SANDOVAL-MOSHENBERGSure. Well, ever since the tweet came out announcing this latest round of raids, we've seen levels of fear in the immigrant community that are comparable to early 2017. And, of course, we know that panicked people tend to make bad decisions, right? So we're seeing people do things like basically locking themselves in their apartment and sort of withdrawing from public life, which objectively is not a good way to protect yourself from raids given that the vast majority of these micro raids really take place at people's residences at six in the morning. So you're not in any way protecting yourself by sort of, you know, not going to work, not taking your kids to school or camp, not going to community activities, etcetera.
SANDOVAL-MOSHENBERGSo the main thing we're trying to do with these know your rights presentation is take some of the panic -- we're not saying don't be afraid. There's plenty to be afraid of, but we're at least trying to diminish some of the panic in the community and turn it into action. The two main things that we teach people and, of course, it's not just about telling people. It's about teaching people, because it's a very stressful situation. In brief, number one don't open the door. Number two exercise your right to remain silent.
NNAMDIAnd even though people may be fearing what they see as military or police authorities, you're telling them they have a right to remain silent and they should invoke that right.
SANDOVAL-MOSHENBERGAbsolutely. A lot of people think, well, look if I just cooperate with these guys maybe they'll go easy on me. Unfortunately that's not the case at all. As Arelis Hernandez mentioned ICE when they're doing these civil raids almost never have a warrant. So the only way that they get into someone's house is with consent, right? So if you decline consent, they pretty much have no option, but to wait there for a couple of hours and then move on to whatever the next address on their target list is. Likewise if they're doing random enforcement actions, they don't know who you are, and so obviously the color of your skin is not evidence against you in this country. So what they're really waiting for is for you to incriminate yourself by answering their questions.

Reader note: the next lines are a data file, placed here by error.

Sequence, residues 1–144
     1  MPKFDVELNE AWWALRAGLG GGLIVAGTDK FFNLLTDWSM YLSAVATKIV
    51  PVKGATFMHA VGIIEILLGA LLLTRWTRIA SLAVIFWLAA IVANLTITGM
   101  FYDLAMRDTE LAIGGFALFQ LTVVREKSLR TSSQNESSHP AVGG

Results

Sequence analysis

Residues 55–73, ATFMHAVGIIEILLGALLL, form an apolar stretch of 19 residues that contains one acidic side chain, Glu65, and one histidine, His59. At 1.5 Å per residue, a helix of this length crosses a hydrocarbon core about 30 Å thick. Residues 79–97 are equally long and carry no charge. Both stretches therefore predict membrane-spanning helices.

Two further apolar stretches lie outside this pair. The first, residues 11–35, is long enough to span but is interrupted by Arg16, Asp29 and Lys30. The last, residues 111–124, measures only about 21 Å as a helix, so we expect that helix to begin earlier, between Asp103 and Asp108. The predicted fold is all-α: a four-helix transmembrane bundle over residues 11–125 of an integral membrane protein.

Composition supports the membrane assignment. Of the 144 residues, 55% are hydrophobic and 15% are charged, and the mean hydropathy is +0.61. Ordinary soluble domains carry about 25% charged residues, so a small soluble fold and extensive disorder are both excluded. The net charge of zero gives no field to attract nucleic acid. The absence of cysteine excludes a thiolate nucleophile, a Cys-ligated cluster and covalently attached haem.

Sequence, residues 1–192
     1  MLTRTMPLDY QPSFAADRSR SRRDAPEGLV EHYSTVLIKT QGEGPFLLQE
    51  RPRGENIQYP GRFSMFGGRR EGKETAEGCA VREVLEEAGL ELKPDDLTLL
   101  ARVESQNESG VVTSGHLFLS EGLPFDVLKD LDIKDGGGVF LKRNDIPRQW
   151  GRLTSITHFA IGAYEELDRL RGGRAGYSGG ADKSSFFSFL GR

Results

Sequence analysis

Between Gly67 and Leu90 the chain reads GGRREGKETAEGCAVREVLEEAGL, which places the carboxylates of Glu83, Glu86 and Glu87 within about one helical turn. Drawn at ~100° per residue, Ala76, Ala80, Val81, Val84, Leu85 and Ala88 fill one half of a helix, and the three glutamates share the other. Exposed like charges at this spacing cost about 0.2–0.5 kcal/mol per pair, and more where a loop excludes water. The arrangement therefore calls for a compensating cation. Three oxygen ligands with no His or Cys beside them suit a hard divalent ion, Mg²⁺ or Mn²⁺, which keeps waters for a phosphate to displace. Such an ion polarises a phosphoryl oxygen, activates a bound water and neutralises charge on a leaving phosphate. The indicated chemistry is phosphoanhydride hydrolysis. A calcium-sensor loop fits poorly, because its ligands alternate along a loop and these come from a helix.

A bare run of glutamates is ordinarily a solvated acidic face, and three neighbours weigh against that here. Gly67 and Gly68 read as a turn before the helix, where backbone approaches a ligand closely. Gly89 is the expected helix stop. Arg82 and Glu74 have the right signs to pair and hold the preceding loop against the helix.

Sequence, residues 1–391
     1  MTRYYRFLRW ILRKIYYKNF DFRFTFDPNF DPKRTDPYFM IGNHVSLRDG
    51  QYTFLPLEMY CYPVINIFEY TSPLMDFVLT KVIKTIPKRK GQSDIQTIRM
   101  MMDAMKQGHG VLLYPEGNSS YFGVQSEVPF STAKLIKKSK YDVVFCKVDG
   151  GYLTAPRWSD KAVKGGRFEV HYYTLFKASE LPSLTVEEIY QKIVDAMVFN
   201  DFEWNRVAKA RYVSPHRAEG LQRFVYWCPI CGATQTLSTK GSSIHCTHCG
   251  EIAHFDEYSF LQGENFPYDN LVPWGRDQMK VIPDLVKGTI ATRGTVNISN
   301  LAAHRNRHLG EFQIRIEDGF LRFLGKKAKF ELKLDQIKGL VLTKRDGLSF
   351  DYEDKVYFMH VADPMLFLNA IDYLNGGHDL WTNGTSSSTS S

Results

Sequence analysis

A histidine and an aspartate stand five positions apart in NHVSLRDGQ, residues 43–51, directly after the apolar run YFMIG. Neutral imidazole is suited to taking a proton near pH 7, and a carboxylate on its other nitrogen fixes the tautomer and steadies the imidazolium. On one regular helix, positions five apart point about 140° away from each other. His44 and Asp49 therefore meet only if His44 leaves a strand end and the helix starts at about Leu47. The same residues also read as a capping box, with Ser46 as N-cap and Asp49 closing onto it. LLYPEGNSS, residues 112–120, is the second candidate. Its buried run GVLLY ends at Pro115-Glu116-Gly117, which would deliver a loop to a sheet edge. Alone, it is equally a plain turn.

NNAMDIAs to some of the effects of these policies, let's listen to Sarah in Bethesda, Maryland. Sarah, you're on the air. Go ahead, please.
SARAHHi. I'm calling to point out how important it is that undocumented people not be afraid of the police and how this fear that's being generated by the Trump administration has made an already dangerous situation much worse.
NNAMDIBut you have a specific example, right?
SARAHMy own sister was killed. There were people, who heard her screams and did not call the police and we feel that this was because they were afraid of the police because they were undocumented.
NNAMDIArelis, you've been covering this --
SARAHAnd I just think it's terribly important that this stops so that nobody is afraid to call the police.
NNAMDIArelis, you have been covering this issue. How significant is that?
HERNANDEZIt's a huge part of why people -- or agencies that do have these sanctuary-like policies or these non-cooperation, that's the reason they cite is that people are afraid. I mean, in Prince George's County specifically and in Maryland more broadly represent a huge swath residents in these jurisdictions to not have that group of people contact police in the event of a crime or having witnessed or testified is a huge blow to investigations and a drain on resources where police could be closing cases and they're not.
NNAMDIArelis Hernandez is a Reporter for the Washington Post covering Maryland politics and government. Thank you for joining us.
HERNANDEZThank you for having me.
NNAMDISimon Sandoval-Moshenberg is the Immigrant Advocacy Program Director at the Legal Aid Justice Center. Simon, thank you for joining us.
SANDOVAL-MOSHENBERGThank you, Kojo.
NNAMDIGoing to take a short break, when we come back, cyber security companies struggling to fill jobs in this region, we'll hear what organizations are doing to attract the diverse workforce and what's at stake if these positions remain vacant. I'm Kojo Nnamdi.